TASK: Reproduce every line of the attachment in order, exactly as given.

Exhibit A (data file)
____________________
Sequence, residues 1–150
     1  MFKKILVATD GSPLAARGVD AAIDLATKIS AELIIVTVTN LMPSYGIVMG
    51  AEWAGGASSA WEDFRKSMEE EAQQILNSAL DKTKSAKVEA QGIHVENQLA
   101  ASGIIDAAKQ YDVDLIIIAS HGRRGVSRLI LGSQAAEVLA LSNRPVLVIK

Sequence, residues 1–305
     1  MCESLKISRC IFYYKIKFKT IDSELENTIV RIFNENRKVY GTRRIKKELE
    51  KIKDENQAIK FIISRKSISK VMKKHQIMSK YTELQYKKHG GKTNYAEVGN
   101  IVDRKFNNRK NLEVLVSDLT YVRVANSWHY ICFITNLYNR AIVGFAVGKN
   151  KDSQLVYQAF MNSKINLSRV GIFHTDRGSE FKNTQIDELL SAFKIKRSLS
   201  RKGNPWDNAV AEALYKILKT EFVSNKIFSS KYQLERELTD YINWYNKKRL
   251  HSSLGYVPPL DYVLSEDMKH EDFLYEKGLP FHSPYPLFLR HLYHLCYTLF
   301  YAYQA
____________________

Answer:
Sequence, residues 1–150
     1  MFKKILVATD GSPLAARGVD AAIDLATKIS AELIIVTVTN LMPSYGIVMG
    51  AEWAGGASSA WEDFRKSMEE EAQQILNSAL DKTKSAKVEA QGIHVENQLA
   101  ASGIIDAAKQ YDVDLIIIAS HGRRGVSRLI LGSQAAEVLA LSNRPVLVIK

Sequence, residues 1–305
     1  MCESLKISRC IFYYKIKFKT IDSELENTIV RIFNENRKVY GTRRIKKELE
    51  KIKDENQAIK FIISRKSISK VMKKHQIMSK YTELQYKKHG GKTNYAEVGN
   101  IVDRKFNNRK NLEVLVSDLT YVRVANSWHY ICFITNLYNR AIVGFAVGKN
   151  KDSQLVYQAF MNSKINLSRV GIFHTDRGSE FKNTQIDELL SAFKIKRSLS
   201  RKGNPWDNAV AEALYKILKT EFVSNKIFSS KYQLERELTD YINWYNKKRL
   251  HSSLGYVPPL DYVLSEDMKH EDFLYEKGLP FHSPYPLFLR HLYHLCYTLF
   301  YAYQA